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March 27, 2014

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Steve Wasiura

I understand the concept, but does this actually work?

I started by thinking that sales are pretty darn unpredictable, even if you have a methodology and process that you follow, there is still a big unknown named "human behavior".

Of course this is made more difficult by the product or service being sold, the sales cycle, and the time of year. I could go all Brian Tracy here and say "there are no roadblocks!", but I don't think it reflects reality.

And yet, I think it must be better than nothing, and maybe you have a better chance of getting close to the goal, instead of waiting for day 18 to put on a sales blitz to reach your goal.

I'm also assuming the "burn down" chart will be viewed inversely by salespeople, as anything above the line is GOOD, but just as confusing, why is the chart going down over time as we make sales?

The traditional chart shows sales increasing over time (climbing to the upper right corner). But if you renamed it a "burn up" chart, or "sales made" chart, and started your goal line at $0 on day 1 and touching $116,000 on day 20 you would instinctively see your actual sales made is below the ideal line and know you are falling "short" (below the line).

Also, considering the analogy of mountain climbing, when you set a daily goal point, you must add some padding to allow for extra effort to be added when needed. As an example, if you have a process where you make 6 sales calls a day / 1 per hour, within an 8 hour day, you have 2 hours of slack time to be flexible. If you are falling short of your goal, and you need to expend extra effort, you have those 2 extra hours of time to do 2 additional sales calls. If you are having a great day and are on a lucky streak, you can do 2 extra sales calls and build up a buffer for a future day when you are not so lucky.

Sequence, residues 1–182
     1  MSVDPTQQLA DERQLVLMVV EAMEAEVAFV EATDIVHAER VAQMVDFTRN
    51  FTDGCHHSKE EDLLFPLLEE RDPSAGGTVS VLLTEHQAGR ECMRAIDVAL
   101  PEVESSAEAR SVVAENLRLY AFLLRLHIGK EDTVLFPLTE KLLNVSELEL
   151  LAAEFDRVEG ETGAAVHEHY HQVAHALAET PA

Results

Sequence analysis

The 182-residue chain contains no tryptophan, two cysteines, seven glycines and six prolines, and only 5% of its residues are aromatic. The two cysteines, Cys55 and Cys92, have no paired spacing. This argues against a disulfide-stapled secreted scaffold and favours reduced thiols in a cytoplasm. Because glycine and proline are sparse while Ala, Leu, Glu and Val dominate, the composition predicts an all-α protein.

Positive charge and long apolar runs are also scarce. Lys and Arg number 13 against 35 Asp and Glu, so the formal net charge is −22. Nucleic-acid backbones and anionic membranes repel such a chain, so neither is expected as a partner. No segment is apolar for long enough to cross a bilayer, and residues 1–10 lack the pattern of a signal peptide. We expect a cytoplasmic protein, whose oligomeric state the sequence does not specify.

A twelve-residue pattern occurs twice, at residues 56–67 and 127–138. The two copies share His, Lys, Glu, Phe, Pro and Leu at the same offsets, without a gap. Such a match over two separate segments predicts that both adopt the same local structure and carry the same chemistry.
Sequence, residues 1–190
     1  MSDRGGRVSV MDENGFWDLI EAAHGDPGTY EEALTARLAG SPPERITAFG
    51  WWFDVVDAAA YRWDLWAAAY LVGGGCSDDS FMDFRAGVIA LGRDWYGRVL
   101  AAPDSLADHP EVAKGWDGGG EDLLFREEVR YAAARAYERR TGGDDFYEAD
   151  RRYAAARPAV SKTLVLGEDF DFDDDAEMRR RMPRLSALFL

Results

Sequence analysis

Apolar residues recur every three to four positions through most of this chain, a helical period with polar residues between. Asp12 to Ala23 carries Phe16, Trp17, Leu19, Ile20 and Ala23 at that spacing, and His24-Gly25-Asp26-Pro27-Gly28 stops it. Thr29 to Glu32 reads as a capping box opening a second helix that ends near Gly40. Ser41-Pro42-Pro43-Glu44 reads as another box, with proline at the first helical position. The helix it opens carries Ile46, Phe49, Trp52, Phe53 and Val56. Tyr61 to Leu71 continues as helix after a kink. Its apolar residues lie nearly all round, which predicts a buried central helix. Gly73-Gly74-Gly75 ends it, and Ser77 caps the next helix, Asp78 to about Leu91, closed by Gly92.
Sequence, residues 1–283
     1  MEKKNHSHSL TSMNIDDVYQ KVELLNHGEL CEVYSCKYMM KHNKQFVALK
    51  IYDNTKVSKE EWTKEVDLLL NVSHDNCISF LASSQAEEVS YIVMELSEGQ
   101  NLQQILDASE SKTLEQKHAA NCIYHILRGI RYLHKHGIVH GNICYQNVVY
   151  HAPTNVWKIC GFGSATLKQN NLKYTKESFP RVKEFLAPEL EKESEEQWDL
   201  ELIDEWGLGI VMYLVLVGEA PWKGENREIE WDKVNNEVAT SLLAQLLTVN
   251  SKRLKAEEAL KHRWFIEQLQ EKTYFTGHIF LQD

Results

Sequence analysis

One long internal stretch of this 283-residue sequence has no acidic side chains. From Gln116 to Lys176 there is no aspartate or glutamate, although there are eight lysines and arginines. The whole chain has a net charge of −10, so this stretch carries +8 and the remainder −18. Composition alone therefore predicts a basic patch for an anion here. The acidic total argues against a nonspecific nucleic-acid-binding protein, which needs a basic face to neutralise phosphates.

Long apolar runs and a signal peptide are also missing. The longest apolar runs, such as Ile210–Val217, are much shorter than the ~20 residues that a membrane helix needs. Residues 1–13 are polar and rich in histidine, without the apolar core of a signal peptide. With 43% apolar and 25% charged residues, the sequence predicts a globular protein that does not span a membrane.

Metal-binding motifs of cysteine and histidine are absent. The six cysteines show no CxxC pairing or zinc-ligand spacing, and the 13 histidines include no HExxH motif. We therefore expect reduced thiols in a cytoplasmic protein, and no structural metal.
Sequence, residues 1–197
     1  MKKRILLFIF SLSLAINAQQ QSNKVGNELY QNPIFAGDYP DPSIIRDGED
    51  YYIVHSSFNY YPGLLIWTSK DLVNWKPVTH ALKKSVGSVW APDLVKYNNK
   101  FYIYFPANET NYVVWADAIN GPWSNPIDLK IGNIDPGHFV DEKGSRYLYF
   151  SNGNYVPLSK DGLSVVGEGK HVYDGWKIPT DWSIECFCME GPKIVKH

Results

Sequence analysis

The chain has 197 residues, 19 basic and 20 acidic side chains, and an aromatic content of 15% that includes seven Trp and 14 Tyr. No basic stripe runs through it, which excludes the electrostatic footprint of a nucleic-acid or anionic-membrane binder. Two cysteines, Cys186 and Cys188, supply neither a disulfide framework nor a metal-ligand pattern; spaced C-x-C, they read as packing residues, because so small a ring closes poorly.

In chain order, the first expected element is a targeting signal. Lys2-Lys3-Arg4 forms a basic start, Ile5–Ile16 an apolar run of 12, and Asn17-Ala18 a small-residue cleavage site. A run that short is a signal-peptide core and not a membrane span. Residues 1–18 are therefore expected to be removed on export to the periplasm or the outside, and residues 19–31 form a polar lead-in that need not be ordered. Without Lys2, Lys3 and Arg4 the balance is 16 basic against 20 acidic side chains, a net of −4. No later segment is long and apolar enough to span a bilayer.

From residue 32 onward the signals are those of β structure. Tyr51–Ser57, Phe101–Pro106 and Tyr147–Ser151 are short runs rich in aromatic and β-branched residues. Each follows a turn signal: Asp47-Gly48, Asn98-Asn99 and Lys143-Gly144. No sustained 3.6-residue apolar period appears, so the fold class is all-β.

I am also interested to read more about your process, your CRM (that tracks the flow and forecasting of probability of sales in the pipeline) and your sales ladder (as you move leads to prospects, to hot shoppers, to buyers, etc.)

My pet peeve is that the nomenclature of "sales funnel" is inaccurate, because unlike a regular funnel, not everything that goes in the top eventually comes out of the bottom, and gravity is usually not on your side.

Instead I like the concept of a "sales ladder", where you have a bunch of leads you are trying to get them to step onto the first rung, and it requires continuous effort to move them to the next level, until they reach the top and buy. In fact, let's change the game to "chutes and ladders", because it's a closer representation to reality: even after all that effort, your lead can bail on you and slide away!

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